The large copepods in the Arctic represent, as elsewhere, important links between primary production and the upper levels of the food web because they store large amounts of lipid for overwintering and reproduction[34]. Calanoid copepods overwinter at depths of several hundred meters and then ascend to surface waters in spring to reproduce. Adults and the late copepodite stage V feed on phytoplankton in the surface waters storing lipids through the spring and summer[35]. Daily vertical migrations, common in most seas, have not been observed in the Arctic, not even under sea ice [36]. Many small copepods, <2 mm adult size, are known to be herbivorous while some are carnivorous[37].

Krill (euphausiids) are swarming shrimp-like crustaceans that are common on the Atlantic side of the Arctic Ocean and in the Bering Sea but are not common in the central Arctic Ocean. They can make up to 45% of mesozooplankton catches by weight[38] but are generally less abundant in the Arctic than in some areas of the Southern Ocean[39]. Some species, for example Thysanoessa inermis, are herbivorous whereas others are omnivorous or even carnivorous, for example T. raschii, T. longipes, T. longicauda, and Euphausia pacifica. Most graze diatoms and Phaeocystis pouchetii efficiently[40].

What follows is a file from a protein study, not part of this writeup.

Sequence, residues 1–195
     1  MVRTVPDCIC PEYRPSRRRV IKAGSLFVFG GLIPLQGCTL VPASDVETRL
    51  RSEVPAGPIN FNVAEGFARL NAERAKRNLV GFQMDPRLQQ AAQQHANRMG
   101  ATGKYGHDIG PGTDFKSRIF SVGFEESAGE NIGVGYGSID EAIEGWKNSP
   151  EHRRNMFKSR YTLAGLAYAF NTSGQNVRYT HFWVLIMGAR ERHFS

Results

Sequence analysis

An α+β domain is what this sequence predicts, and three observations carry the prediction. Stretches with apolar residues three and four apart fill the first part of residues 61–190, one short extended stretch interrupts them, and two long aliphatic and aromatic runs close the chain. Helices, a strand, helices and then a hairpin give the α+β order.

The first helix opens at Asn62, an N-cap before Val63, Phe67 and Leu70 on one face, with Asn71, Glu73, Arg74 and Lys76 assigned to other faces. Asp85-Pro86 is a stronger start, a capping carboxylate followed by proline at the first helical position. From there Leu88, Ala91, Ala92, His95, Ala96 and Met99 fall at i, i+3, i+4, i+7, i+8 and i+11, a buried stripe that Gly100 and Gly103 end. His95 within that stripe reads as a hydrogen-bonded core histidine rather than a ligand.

Amphipods, another crustacean group, are represented in the Arctic by Apherusa glacialis, Onisimus spp., Gammarus wilkitzkii, and Themisto libellula, all of which are associated with sea ice or ice-influenced waters. Except for the latter, they live in the interstitial cavities (brine channels) in the ice and on the underside of the pack ice, where G. wilkitzkii constitutes >90% of the amphipod biomass at times. Apherusa is common in first-year ice, and Onisimus in fast ice[41].